|RT | May 22, 2017|
|© Siegfried Modola / Reuters|
Defense lawyers will argue the doctors didn’t cut the girls’ genitalia and only scraped it, and that the government’s prosecution is culturally and religiously insensitive and their clients were practicing their beliefs, according to the Independent.
Female genital mutilation (FGM) has been banned in the US since 1996. The practice involves removing part of the clitoris or clitoral hood, and is common in Africa, Asia and the Middle East.
Female genital mutilation case in Detroit: Is it a right or a crime? - Detroit Free Press https://t.co/NJdlZrlhpBpic.twitter.com/LMaiSAw58z— Muslim Woman news (@MuslimWomanNews) May 21, 2017
“It is hard for me to imagine any court accepting the religious freedom defense given the harm that’s being dealt in this case,” First Amendment expert Erwin Chemerinsky, a leading constitutional law scholar, told the Detroit Free Press.
The question for jurors will rest on whether the children were harmed. If they were, experts say, the religious freedom defense won’t stand.
Detroit doctor charged with female genital mutilation of 7yo girls https://t.co/mTKktSWzB4— RT America (@RT_America) April 14, 2017
The girls, both from Minnesota, later told investigators their mothers said they were going to Detroit for “a special girls’ trip,” according to court documents filed in United States District Court for the Eastern District of Michigan.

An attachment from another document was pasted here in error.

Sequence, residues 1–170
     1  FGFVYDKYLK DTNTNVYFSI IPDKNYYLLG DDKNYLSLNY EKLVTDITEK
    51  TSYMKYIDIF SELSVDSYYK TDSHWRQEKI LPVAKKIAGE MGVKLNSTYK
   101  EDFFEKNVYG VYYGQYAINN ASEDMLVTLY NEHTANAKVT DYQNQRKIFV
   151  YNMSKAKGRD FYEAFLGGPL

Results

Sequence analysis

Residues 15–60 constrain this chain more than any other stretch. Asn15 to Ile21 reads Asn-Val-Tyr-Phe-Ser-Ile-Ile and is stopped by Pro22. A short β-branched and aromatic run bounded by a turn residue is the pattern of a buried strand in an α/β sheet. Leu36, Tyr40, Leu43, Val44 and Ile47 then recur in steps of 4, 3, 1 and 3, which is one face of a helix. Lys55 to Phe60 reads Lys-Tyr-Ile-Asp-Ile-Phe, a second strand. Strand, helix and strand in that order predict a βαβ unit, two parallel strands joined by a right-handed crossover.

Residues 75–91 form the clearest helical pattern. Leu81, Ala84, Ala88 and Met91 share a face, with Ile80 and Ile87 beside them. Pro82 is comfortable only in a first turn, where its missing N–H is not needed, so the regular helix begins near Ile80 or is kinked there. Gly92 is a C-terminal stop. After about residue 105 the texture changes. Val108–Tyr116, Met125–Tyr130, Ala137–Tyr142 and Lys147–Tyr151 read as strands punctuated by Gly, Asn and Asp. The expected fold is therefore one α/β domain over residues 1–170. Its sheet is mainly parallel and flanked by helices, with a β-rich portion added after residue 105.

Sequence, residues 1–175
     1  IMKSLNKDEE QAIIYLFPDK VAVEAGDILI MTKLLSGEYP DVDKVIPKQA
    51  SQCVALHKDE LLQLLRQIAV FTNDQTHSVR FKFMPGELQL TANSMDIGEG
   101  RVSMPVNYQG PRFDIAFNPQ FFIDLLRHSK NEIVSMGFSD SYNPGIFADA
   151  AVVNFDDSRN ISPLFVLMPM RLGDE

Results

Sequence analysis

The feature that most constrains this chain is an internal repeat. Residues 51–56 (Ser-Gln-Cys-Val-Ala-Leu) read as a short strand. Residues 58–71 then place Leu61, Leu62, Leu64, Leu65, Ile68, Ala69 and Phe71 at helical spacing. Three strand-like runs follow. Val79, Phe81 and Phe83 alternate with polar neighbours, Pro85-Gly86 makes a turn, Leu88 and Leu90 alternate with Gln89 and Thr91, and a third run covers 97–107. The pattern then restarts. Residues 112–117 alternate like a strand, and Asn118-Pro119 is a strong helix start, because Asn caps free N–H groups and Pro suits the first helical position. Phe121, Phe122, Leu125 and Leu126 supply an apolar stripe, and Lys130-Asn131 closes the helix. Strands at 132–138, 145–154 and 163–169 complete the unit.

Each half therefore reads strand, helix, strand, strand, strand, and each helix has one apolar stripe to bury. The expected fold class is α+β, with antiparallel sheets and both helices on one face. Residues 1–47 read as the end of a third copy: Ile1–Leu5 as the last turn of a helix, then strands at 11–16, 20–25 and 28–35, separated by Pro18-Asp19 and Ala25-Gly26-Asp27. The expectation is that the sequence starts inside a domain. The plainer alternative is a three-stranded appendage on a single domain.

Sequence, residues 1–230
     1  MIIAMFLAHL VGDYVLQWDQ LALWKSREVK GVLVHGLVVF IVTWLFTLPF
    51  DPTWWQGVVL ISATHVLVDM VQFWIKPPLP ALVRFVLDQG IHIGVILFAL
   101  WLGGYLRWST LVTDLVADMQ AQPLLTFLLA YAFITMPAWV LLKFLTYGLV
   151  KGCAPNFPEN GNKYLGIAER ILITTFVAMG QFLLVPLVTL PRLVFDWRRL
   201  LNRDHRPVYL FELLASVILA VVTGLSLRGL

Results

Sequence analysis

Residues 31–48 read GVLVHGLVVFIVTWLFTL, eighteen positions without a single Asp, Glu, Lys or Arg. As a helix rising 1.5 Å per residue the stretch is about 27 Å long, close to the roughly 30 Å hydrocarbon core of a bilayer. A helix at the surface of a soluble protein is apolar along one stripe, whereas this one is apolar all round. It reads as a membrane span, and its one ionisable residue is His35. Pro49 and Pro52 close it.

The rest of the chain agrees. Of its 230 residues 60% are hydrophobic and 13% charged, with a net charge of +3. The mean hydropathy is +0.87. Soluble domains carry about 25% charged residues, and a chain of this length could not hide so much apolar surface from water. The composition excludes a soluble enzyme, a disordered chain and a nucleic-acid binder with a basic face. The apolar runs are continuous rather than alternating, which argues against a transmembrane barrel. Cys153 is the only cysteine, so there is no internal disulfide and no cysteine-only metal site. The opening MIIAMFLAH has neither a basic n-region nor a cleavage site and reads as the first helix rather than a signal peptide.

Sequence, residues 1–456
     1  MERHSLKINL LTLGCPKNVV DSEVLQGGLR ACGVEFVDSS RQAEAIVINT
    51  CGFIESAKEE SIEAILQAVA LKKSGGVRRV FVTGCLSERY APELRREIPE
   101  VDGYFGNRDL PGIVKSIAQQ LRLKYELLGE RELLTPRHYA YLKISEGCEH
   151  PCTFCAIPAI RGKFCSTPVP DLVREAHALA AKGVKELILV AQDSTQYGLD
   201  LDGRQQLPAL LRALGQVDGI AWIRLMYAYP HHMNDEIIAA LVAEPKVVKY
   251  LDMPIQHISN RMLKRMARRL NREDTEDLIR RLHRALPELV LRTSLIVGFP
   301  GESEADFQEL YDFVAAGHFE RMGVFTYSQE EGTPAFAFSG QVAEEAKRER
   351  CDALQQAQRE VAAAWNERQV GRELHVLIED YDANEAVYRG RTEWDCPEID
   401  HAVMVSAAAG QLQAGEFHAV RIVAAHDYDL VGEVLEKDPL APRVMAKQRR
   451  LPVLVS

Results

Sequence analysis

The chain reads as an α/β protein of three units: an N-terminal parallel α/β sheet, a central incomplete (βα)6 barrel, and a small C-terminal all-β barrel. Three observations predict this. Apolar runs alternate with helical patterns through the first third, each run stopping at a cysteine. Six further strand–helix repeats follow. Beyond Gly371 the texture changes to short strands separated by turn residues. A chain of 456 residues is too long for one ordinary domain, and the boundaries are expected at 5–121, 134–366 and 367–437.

The government argues the two girls had scarring and abnormalities on their clitorises and labia minora.
One of the girls told investigators after the procedure “she could barely walk, and that she felt pain all the way down to her ankle.”
FBI investigating female genital mutilation in US, over 500,000 women at riskhttps://t.co/9yqRSfBIXWpic.twitter.com/hqBFW2Ij4t— RT America (@RT_America) May 20, 2016
The three belong to the Dawoodi Bohra, an Islamic sect based in India, a “religious and cultural community” that investigators allege practices female circumcision on young girls.
A 2012 study by the US Centers for Disease Control and Prevention found that over 500,000 women and girls in the US were at risk of undergoing FGM.
The World Health Organization (WHO) considers the procedure a violation of the rights of girls and women. Experts argue the practice creates physical harm, is damaging to mental and emotional health, and creates medical complications.
"According to some members of the Community (religious and cultural community that practices FGM) who have spoken out against the practice, the purpose of this cutting is to suppress female sexuality in an attempt to reduce sexual pleasure and promiscuity," according to the complaint.
More than 200 million women and girls in 30 countries have undergone the procedure, according to the WHO.
"It reflects deep-rooted inequality between the sexes and constitutes an extreme form of discrimination against women. It is nearly always carried out on minors and is a violation of the rights of children," according to the WHO.
The three defendants were arrested in April and have been charged with three federal criminal counts including conspiracy, female genital mutilation and aiding and abetting.